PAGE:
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People-Driven Software Development

Traditionally, we think about projects is in termsof scope, time, cost, quality, human resources, communication, and risk. Thisway of thinking mainly originated in industries other than software development.It fits software development projects poorly, because these projects are mainlyabout people's abilities.

When Trust Goes AWOL

Trust is invisible, but the symptoms of its absence are not. That is the theme of this column, in which Clarke Ching recounts the difficulty one of his clients went through to rebuild trust with a customer. The customer had long ago lost faith in the quality of the products provided by this client since every piece of software delivered seemed buggy. But both were determined to make the relationship work. That's when Clarke Ching stepped in and took an agile approach to relationship therapy.

Clarke Ching's picture Clarke Ching
Meeting Agenda #1: Start on Time

Our society is founded on the importance of meetings, and it seems that the higher on the corporate ladder one climbs, the more meetings he must attend. Indeed, one of Michele Sliger's coworkers calculated that the amount of time she spends arranging meetings, getting to meetings, and in meetings equates to almost her entire workweek-thirty-six hours on average. Even though we may lose track of time in meetings, we all are painfully aware of the time we spend waiting for everyone to show up. In this column, Michele Sliger explains some of the tactics she's seen teams use to ensure that meetings start on time.

Michele Sliger's picture Michele Sliger
APLN 2006 - Pollyanna Pixton - Agile Leadership
Podcast

Pollyanna Pixton gives a presentation to the Washington DC APLN chapter in 2006.

Bob Payne's picture Bob Payne
Why Use Agile Processes Outside of IT?

Liz Barnett writes that beyond IT, the most frequent adoption of agile processes is found in teams using Scrum for team management. Agile processes won't provide the answers to all of our challenges. But if you dig beneath the surface, you might discover some interesting ways to use these ideas to address complex problems.

TechWell Contributor's picture TechWell Contributor
Disciplined Approach to Adopting Agile: Four-Step Process

The agile community needs a structured approach to help it with its agile adoption efforts. Here we present the Agile Adoption Framework, a four-stage process for adopting agile software development.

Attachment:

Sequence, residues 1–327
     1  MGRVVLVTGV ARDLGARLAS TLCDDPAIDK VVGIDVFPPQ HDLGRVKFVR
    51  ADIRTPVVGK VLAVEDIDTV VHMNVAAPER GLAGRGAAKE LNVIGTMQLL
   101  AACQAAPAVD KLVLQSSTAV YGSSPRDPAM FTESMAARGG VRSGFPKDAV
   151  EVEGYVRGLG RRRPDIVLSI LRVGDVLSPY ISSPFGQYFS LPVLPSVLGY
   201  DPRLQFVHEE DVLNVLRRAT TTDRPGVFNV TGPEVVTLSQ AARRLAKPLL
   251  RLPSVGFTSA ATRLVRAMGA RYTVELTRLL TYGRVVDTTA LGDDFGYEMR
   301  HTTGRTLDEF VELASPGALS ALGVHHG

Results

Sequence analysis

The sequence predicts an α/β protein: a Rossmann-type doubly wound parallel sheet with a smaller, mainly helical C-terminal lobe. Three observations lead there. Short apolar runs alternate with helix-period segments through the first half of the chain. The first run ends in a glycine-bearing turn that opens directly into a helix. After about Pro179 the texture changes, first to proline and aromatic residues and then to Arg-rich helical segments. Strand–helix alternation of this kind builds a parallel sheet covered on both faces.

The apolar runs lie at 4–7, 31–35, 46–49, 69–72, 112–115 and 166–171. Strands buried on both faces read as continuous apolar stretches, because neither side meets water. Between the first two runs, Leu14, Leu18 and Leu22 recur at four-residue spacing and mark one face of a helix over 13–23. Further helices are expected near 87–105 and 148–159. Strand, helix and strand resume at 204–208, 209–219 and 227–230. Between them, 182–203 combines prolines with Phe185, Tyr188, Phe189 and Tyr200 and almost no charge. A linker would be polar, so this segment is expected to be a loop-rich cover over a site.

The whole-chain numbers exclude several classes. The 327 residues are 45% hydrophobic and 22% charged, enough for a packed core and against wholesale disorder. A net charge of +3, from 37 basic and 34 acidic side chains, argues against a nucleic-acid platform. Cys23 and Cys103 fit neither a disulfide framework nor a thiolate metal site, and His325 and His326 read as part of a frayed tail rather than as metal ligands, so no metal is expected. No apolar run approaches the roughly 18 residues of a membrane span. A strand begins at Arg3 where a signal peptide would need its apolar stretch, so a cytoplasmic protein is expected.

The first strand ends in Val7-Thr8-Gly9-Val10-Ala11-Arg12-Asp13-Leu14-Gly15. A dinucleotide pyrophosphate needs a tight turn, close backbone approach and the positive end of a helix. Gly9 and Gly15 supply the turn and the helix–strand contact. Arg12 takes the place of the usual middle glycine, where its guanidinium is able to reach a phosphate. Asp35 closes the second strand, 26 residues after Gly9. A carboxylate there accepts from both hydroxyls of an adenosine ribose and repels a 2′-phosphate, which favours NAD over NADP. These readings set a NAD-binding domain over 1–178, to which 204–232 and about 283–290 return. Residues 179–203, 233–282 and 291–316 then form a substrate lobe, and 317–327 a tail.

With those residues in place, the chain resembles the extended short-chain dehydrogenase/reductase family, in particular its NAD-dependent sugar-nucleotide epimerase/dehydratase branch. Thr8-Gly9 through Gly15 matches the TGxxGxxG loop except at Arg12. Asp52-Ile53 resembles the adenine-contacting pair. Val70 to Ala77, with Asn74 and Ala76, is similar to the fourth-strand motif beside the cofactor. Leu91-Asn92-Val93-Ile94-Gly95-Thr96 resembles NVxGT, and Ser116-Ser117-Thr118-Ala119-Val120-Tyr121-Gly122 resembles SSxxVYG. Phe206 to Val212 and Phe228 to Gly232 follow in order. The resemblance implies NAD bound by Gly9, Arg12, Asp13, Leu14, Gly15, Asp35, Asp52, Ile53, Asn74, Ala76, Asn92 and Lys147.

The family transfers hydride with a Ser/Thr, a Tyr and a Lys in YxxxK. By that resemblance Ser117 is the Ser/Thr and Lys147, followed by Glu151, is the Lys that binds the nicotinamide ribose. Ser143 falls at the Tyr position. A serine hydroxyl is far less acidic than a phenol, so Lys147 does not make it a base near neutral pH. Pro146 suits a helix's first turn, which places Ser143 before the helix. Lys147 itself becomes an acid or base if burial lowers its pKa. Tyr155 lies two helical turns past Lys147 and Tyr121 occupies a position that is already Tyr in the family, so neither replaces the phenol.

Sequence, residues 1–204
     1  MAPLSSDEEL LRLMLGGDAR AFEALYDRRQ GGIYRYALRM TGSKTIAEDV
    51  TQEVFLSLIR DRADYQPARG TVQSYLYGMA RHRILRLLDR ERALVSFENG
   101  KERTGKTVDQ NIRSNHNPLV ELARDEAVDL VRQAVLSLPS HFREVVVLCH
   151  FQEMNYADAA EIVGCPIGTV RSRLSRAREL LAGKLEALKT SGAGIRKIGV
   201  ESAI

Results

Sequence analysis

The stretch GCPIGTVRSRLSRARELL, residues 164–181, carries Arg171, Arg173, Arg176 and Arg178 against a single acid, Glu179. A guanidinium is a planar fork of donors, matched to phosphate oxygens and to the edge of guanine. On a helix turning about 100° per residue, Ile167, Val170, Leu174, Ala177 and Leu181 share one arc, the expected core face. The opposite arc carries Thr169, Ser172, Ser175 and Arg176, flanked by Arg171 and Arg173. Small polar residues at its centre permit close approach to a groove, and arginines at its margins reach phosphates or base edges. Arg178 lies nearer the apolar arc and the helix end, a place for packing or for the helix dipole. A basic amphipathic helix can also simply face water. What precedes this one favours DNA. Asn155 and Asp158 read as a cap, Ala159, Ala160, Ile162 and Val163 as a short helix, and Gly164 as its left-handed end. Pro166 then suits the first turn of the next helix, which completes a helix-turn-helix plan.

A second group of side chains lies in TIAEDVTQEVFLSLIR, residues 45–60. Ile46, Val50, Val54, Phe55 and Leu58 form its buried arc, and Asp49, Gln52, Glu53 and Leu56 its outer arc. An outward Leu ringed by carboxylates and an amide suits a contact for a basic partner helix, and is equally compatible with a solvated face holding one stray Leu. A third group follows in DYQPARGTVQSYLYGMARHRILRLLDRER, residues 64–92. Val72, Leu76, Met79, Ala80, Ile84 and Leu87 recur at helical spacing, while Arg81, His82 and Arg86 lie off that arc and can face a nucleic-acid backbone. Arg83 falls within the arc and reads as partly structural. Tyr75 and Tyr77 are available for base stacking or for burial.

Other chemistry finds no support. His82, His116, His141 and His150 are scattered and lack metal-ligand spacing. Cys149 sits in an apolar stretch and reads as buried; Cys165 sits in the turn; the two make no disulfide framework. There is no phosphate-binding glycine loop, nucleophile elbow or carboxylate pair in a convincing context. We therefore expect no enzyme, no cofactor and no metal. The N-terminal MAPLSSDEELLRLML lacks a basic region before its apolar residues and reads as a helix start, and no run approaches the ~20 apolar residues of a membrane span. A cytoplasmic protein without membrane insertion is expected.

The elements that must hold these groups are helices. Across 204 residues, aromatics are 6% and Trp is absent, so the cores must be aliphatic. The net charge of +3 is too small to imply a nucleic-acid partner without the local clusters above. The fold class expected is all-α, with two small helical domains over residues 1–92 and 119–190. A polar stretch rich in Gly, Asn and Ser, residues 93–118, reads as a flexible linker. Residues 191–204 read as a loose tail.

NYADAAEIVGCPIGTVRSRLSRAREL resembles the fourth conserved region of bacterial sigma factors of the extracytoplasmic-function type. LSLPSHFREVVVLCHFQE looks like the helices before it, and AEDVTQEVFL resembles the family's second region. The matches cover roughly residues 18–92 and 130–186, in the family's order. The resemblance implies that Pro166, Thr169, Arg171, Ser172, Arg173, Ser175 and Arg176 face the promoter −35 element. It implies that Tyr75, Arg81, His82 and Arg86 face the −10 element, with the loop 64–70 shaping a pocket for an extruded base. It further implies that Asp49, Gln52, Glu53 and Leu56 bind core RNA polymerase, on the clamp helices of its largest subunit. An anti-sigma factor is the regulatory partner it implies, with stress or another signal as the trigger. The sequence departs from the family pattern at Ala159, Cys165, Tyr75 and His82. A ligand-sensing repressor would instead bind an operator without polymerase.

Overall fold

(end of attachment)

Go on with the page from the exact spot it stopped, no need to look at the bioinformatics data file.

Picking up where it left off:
TechWell Contributor's picture TechWell Contributor
Aligning Agile Efforts with Business Goals

A phrase heard often in agile development practices discussions is "let the product lead." Applied correctly, these four words powerfully focus an agile team's energy directly on work that provides the highest business value. Traditional engineering practices that focus on process often divert a technology team's energy away from quick delivery of business value, and toward design of infrastructure and architecture.

Guy Beaver's picture Guy Beaver
Eye on the Prize: Best Practices for Aligning Agile Efforts with Business Goals

A phrase heard often in Agile discussions is "Let the product lead." Applied correctly, these four words powerfully focus an Agile team's energy directly on work that provides the highest business value. Deep focus on technology decisions breaks the line-of-sight with business goals, creates opportunities for over-engineering, and requires complex tracing activities, which ultimately slow the process.

Guy Beaver's picture Guy Beaver
RailsEdge 2007 - Bruce William - His talks and the Ruby/Rails Community
Podcast

Bruce Williams talks about the RailsEdge, Rails Plugins, and UI Frameworks, as well as the tools that are available to Ruby and Rails developers and how these combined with attitude within the community may have created the sweet spot that Rails now occupies.

Bob Payne's picture Bob Payne
Global Agile Development: How Investing in the Right Team Impacts Long-Term Rewards

Many software development organizations are electing to implement Agile development methodologies in order to take advantage of the cost, quality, and time-to-market benefits commonly achieved with this approach. At the same time, these organizations are moving software development offshore to take advantage of greater scalability and quot;round the clockquot; development cycles. However, in combining these two efforts, the highly collaborative nature of Agile is tested as teams are faced with cultural challenges and necessary work habit shifts. If you are considering implementing a Global Agile approach to software development, then it is imperative to focus on an often underappreciated aspect of this initiative: building the right team. This is the most critical step in delivering the benefits of Global Agile development.

TechWell Contributor's picture TechWell Contributor

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